In Switzerland, the taxation of electric cars is underway. The only solution to compensate for the losses linked to the transition to zero-emission cars, this solution could make children.
What EV owners feared most is about to happen. Governments may well decide to tax zero-emission cars in the same way they tax owners of internal combustion cars. The first country to seriously address the issue: Switzerland. The federal government is considering a way to compensate for the shortfall that will result from the transition to electric. Indeed, in Switzerland, as in France, the motorist is taxed on his use of the car, but also on his fuel consumption. These levies are used to finance road infrastructure, that is to say essentially road maintenance. In detail, the Swiss system provides for three sources of taxation:
- Taxes and surcharges on mineral oils
- Automobile taxes (upon purchase)
- The obligatory sticker
In the end, these receipts weigh for approximately two billion euros per year. But with the scheduled advent of the electric car, which is leading to a massive reduction in the use of fuel, this amount is bound to drop sharply.
Rethink car taxation
This is why the Swiss Federal Council has asked the Federal Department for the Environment, Transport and Energy (DETEC) and the Federal Department of Finance (FDF) to propose new measures more consistent with the evolution of the car fleet. The objective: a complete assessment of current automobile taxation and concrete proposals from 2023 to switch to a new system.
However, if the reflection has barely started, the Federal Council seems to have already decided on one point. Electric cars will indeed be taxed, and this before 2030. Indeed, the executive body of the Confederation not only announces its decision, but also the method that will be applied. Switzerland will opt for the kilometric index. Translate: the more you drive, the more you pay.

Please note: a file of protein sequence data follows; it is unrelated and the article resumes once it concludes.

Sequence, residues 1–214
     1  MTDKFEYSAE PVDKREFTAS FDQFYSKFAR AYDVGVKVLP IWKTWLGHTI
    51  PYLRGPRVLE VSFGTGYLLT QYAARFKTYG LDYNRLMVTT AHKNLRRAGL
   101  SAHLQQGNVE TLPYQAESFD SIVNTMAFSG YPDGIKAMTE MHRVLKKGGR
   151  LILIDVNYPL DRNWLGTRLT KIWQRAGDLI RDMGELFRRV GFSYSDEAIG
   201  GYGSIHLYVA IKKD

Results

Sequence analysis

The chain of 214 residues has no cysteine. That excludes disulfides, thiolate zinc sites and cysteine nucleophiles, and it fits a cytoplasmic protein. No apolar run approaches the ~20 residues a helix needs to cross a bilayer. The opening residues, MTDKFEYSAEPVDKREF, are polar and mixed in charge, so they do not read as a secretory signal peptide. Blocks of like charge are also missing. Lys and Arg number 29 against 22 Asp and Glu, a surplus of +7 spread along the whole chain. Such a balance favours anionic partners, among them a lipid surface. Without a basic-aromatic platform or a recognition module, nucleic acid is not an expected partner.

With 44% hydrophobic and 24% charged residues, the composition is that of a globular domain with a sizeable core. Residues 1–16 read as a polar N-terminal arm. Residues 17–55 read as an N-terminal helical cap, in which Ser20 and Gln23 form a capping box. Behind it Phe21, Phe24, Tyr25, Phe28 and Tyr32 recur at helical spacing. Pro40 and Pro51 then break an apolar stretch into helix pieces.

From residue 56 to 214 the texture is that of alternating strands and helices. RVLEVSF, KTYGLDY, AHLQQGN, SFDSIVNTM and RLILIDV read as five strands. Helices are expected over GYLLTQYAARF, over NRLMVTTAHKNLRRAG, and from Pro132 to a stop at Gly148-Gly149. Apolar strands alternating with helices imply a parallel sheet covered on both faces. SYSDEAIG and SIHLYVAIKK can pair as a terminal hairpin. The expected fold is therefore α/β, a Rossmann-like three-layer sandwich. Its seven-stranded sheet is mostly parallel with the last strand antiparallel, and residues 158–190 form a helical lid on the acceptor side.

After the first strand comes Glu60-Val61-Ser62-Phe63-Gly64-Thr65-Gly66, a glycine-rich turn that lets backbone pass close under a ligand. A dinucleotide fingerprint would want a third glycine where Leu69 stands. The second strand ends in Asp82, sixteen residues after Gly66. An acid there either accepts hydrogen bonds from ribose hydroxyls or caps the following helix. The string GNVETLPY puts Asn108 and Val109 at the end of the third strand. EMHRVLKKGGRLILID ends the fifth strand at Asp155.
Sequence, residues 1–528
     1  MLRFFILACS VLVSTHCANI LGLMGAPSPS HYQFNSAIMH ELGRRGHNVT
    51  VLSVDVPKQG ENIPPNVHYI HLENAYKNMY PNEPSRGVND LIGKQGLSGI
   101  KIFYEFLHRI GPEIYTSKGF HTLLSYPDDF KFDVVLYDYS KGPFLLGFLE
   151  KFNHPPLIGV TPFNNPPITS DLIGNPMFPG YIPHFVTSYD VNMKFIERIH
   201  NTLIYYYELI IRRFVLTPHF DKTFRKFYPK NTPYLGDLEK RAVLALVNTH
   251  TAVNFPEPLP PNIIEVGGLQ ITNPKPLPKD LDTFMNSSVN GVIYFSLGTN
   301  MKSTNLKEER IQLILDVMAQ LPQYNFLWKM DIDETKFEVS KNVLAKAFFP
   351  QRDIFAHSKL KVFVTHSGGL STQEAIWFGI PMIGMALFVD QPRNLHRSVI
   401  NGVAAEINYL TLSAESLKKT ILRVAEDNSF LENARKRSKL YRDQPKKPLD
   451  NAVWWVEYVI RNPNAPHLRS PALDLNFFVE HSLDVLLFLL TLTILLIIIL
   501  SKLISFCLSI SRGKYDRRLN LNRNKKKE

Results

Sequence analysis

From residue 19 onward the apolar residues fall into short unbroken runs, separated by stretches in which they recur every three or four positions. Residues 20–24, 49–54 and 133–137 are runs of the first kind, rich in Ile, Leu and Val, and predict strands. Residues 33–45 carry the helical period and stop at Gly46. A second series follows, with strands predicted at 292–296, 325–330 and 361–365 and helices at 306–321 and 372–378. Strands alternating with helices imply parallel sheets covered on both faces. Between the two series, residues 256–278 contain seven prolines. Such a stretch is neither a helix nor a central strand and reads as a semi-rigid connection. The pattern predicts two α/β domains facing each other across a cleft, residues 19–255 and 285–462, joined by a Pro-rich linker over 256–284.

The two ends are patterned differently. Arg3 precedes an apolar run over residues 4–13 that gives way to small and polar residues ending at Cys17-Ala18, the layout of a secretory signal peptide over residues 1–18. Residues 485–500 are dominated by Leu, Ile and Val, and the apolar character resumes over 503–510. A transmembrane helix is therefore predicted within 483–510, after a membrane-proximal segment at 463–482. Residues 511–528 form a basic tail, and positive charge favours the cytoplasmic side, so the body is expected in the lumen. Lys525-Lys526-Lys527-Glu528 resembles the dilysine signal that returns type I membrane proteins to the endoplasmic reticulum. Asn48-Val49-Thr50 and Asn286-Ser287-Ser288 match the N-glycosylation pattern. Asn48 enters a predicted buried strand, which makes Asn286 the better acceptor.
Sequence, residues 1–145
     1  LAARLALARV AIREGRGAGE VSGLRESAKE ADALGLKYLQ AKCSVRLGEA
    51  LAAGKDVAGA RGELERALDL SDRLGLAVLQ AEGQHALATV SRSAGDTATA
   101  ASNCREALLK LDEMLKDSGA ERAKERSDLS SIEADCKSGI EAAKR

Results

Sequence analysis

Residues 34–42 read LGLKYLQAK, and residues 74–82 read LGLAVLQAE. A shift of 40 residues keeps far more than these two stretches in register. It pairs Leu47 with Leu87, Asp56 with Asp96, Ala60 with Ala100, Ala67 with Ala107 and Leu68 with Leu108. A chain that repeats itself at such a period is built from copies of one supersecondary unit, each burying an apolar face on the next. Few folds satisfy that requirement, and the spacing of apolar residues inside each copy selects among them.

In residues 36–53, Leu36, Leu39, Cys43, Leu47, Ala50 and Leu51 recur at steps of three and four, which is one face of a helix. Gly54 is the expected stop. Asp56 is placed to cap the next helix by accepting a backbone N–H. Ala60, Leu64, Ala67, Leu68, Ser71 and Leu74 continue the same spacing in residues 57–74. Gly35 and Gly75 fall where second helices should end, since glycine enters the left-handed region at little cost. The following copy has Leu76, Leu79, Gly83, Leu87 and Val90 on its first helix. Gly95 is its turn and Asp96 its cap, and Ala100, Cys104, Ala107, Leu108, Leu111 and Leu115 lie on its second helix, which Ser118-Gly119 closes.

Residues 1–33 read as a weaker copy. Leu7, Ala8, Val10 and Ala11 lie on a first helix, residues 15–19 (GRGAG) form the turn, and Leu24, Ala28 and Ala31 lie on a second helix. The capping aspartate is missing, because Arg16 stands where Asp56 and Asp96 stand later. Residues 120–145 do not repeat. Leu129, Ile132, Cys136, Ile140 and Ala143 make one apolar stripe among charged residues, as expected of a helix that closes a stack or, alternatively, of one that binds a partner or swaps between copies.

And in France ?
How long will the ideas of the Swiss federal councilors take to cross the Alps? In reality, reflection on the subject has already begun in France. For the moment, the public authorities are partly financing the energy transition, mainly via the ecological bonus. But as the share of electric vehicles will catch up with that of combustion engines, the government’s attitude will change. Why such a difference with Switzerland? Probably because the automotive industry is less present there. But also because the transition seems less engaged. Indeed, the best-selling car among our neighbors since the beginning of the year is the Tesla Model 3. In France? The podium is made up of the Peugeot 208, the new Clio and the Dacia Sendero, and even if the first has a 100% electric version, it is not the one that monopolizes the first place in the ranking.
Even if the question has not yet been asked, there is little doubt that automobile taxation could be debated again in France. And for good reason, the TICPE (domestic consumption tax on energy products) is the fourth source of state revenue, behind income tax, corporate tax and VAT. A reflection is necessary and, finally, it seems logical.
The Automotive Magazine
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